Romeo and Juliet
Victoria Baths, Manchester
Walter Meierjohann's directorial debut since taking over as artistic director of theatre for Home sold out all 5,500 tickets two weeks before it opened and closed its waiting list for returns before press night.
The location for this young and lively production is Manchester's well-loved Victoria Baths, a swimming baths very much in the Victorian style with its ironworks and glass but actually post-Victorian as it opened in 1906.
It's a production that doesn't treat the text with reverence but tries to stick closely to its intentions. It does jar a bit when Romeo starts quoting modern pop songs to Juliet in the balcony scene, but for the most part it works well.
Romeo is a character given to obsessions for which he is prepared to die, but the subjects of these can change at the drop of a hat. This translates well to a moody teenager (Alex Felton) who tries to set his flowery verse lines to mournful rock music as though he were writing songs.
Juliet, despite her youth, comes out of the play as the more sensible, but she starts here as a shy teen facing her parents moodily and hiding her face behind her hair. Sara Vickers's Juliet grows in stature, always convincing as a 14-year-old in love against deadly forces.
This is very much a post-Luhrmann production, with elements that are almost straight from his hit film of this play. Ncuti Gatwa's Mercutio, superbly played and with excellent clarity of speech, is the same camp, black character who wears a dress for the Capulet ball, and Rachel Atkins as the nurse, often very funny but with an accent that can sometimes be difficult to understand, is an echo of Miriam Margoyles in the film.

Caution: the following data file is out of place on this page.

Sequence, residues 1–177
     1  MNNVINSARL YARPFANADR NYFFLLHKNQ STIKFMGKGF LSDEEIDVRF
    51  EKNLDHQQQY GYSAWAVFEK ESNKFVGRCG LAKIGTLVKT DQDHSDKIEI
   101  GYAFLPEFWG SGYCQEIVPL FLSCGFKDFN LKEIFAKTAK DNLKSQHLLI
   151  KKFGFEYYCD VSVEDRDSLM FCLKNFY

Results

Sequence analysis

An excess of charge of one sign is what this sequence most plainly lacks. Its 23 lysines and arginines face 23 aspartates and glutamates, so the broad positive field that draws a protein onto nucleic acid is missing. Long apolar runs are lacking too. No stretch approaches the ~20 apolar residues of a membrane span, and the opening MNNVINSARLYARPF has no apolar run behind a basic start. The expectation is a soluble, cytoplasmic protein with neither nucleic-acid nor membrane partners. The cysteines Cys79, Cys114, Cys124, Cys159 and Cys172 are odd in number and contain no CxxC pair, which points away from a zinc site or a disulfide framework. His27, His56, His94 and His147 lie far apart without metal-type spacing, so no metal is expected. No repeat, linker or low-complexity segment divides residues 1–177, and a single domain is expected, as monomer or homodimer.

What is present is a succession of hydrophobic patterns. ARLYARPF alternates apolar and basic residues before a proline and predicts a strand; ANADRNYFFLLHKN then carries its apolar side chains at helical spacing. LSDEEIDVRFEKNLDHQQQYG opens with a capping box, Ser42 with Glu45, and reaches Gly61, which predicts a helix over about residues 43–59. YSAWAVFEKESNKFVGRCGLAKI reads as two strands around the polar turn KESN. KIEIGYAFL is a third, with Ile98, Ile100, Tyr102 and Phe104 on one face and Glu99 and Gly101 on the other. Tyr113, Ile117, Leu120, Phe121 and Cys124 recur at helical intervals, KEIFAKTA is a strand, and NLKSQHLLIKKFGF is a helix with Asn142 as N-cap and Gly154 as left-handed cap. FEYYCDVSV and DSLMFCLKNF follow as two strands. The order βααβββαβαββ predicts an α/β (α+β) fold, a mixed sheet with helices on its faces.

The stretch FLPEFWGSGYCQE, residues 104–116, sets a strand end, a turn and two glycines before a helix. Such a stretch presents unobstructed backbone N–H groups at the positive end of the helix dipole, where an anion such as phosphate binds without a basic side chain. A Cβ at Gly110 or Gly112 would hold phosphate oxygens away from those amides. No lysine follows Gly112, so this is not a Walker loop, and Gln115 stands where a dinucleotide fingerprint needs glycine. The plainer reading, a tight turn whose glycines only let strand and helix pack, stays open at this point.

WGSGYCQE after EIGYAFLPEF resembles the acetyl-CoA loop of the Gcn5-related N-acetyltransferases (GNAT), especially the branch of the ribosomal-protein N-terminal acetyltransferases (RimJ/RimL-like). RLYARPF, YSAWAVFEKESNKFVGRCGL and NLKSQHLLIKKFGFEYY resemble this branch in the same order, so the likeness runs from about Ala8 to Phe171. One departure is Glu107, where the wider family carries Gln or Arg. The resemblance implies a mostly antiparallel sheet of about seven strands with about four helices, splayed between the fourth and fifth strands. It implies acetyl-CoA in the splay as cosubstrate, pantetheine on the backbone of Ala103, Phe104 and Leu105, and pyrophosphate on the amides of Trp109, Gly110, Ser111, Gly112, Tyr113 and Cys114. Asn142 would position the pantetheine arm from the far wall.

You have to feel sorry for Damian Myerscough's Friar Laurence, who has a succession of hot-headed young people he has to talk out of doing themselves in. Raj Bajaj is a comically naïve Paris, Ruth Everett is the middle class hostess as Lady Capulet opposite Mark Jax's genial but occasionally intimidating Capulet, Wil Coban is a fiery Tybalt, Lewis Goody a benevolent Benvolio and Christopher Knott looks like an old gangster as Montague.
The building presents a few problems, which Meierjohann and his team have confronted bravely. Ti Green's design blends huge staircases seamlessly into the existing fabric of the building to look as though they had always been there. However some parts of the fixed set do get in the way of some scenes, depending on where you are stood or sat.
The main issue is the sound in an echoic swimming baths. Sound designer Paul Gregory has given everyone a mic and used lots of little speakers scattered around the room, which works up to a point; the words are massively clearer than at the media launch a couple of weeks ago, but the reverberation still swamps the voices a bit when voices are raised or speech is too quick.
For a promenade production, there isn't a great deal of promenading until the last couple of scenes, but walking into the huge filled pool with an enormous crucifix as a walkway, beautifully lit by Mike Gunning, to represent Juliet's tomb just takes the breath away.
While not everything works perfectly, there are some moments that are quite stunning. While this is a fast-paced, youthful production, Meierjohann allows some parts to build very slowly, such as the fight scene where Mercutio is killed and the initial meeting of the title characters, which works beautifully.
The fights, staged by Renny Krupinski, are messy and ugly, just as they should be, and very well realised. Nikola Kodjabashia's eastern European feel to the music works well for the celebrations, but he also adds very subtle touches behind the dialogue, such as a single drum beat or a haunting but quiet stroke of a bow on a glockenspiel.
The spectacle, the ambition and the ideas make this production worth seeing, but there is much to enjoy here as well. Meierjohann has certainly announced his arrival loudly in Manchester and we are all looking forward to seeing what he gives to us next.
Reviewer: David Chadderton